"Heat kills car batteries," according to John Banta, a Consumer Reports project leader and part of the team that tests batteries for the magazine. "Many times in cold climates, your battery fails to start your car on a below-freezing day. The reason this happens is that the heat of the past summers has weakened your battery. When you use it in the cold, the starter requires more electrical current to turn over the cold engine with its thickened oil." Leaving your car parked or stored for long periods of time can also lead to a dead battery that you will need to recharge before heading out for a drive.
The car battery itself may be the cause if it has corroded cable terminals, bad wiring, damaged cells or plates inside or if it is leaking electrolyte. This article refers primarily to conventional vehicles with conventional 12-volt batteries; more electrified vehicles and those higher-voltage electrical systems will vary. The charging system warning light should show for a few seconds when you start the car, but if the battery light shows while you're driving the vehicle, that light signals a problem. Among other signs that the alternator or other parts of the charging system aren't working are dim headlights or the clock losing time.
Here's what causes this: A blown fuse for the system, A wheel-speed sensor that is damaged or covered by road grime, A broken wire between the sensors and the ABS controller, An ABS controller that has stopped working. A pump and valve that apply the right amount of brake fluid pressure to each wheel to prevent locking can also trigger an ABS sensor warning light when those items go bad. If the red warning light for the regular brakes comes on, that typically means your vehicle is losing brake fluid or the brakes are so worn that you don't have normal stopping power. Either of those situations warrants immediate attention and possible repair work.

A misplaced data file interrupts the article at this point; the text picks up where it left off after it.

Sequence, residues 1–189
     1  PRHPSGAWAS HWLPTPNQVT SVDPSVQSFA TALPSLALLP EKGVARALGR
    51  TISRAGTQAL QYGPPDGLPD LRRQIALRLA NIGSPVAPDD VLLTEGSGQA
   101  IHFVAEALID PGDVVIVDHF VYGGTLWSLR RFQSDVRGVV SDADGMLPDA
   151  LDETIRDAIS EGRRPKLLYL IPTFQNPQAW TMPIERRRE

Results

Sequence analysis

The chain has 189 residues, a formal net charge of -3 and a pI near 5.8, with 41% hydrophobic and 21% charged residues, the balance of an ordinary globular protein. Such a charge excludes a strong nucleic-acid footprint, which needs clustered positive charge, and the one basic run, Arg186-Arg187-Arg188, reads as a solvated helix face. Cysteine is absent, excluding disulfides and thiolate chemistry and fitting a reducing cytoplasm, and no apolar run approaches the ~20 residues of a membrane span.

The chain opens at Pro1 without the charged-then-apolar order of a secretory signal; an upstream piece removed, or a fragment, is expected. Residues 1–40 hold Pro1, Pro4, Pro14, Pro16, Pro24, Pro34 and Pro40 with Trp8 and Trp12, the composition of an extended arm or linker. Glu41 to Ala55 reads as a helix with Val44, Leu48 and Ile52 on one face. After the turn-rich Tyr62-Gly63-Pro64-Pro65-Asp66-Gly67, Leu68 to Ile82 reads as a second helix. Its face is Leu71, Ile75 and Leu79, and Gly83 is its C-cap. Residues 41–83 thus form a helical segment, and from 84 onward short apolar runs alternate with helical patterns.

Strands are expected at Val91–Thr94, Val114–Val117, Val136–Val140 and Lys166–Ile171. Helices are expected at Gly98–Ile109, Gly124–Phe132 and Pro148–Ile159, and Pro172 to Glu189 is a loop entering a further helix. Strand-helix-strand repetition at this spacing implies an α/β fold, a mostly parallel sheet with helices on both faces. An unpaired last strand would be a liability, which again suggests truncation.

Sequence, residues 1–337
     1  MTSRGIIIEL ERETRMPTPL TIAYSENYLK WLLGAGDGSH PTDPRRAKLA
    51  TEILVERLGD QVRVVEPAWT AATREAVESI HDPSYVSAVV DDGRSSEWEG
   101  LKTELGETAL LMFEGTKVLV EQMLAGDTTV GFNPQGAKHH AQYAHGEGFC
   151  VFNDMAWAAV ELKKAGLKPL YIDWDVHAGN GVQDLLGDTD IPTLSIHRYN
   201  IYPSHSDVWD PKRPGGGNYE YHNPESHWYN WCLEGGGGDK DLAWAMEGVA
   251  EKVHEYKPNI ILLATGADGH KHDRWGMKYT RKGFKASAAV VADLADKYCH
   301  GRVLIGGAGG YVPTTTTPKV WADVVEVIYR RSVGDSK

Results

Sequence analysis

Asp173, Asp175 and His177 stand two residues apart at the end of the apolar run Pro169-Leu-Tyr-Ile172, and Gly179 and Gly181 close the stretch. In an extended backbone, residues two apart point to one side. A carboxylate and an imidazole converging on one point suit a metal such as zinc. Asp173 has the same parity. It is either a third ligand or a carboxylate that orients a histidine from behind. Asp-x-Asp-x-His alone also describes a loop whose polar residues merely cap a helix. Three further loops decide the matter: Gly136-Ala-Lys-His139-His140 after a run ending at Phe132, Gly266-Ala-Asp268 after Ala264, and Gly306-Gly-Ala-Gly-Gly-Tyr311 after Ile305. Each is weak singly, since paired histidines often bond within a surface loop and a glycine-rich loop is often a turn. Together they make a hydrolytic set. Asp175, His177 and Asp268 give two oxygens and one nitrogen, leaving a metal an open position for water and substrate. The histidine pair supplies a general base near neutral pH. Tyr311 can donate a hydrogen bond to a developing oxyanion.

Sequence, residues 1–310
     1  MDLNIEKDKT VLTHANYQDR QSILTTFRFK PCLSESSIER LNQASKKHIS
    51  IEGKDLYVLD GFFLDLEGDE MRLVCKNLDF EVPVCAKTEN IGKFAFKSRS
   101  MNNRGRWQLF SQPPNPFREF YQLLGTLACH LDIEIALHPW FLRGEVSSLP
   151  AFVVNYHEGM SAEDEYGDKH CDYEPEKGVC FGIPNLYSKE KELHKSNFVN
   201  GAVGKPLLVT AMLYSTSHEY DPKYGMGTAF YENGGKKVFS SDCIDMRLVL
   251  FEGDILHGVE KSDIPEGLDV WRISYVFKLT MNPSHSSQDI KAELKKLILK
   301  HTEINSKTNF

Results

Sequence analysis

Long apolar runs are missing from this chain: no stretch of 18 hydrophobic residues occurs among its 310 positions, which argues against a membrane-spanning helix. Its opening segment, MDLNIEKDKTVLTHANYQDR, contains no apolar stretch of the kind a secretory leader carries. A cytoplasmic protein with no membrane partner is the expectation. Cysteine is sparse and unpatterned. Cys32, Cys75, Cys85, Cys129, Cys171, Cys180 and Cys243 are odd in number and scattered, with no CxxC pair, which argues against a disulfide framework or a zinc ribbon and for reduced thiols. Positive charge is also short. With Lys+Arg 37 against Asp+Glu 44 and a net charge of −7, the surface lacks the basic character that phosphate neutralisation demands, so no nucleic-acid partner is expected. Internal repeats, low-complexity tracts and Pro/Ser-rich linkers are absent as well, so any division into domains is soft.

You rely on your car's battery to start your car every time you turn the key. Whether you are driving to work or just hitting the road for a day of fun, you need to know that your battery is up to the job. Unfortunately, batteries don't last forever, and even new car batteries will eventually need to be replaced. How long should the battery in your vehicle last? The answer isn't always straightforward, and in many cases, it isn't as long as drivers think it should be.